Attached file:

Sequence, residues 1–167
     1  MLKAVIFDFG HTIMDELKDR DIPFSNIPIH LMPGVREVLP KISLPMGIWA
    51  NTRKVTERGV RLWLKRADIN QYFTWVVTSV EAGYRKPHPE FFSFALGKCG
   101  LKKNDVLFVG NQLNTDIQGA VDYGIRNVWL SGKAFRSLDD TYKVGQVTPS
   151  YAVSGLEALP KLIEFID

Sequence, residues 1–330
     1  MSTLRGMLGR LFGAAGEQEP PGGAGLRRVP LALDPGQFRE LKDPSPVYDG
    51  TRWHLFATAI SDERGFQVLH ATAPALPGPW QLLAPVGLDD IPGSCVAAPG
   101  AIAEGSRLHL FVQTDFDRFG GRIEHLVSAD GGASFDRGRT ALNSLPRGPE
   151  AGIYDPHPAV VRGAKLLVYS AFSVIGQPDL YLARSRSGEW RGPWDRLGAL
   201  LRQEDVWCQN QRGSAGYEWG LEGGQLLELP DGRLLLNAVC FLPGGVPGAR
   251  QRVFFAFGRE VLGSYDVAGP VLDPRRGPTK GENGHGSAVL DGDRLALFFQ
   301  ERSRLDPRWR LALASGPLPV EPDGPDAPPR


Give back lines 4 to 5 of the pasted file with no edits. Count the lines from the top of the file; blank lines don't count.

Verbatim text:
   101  LKKNDVLFVG NQLNTDIQGA VDYGIRNVWL SGKAFRSLDD TYKVGQVTPS
   151  YAVSGLEALP KLIEFID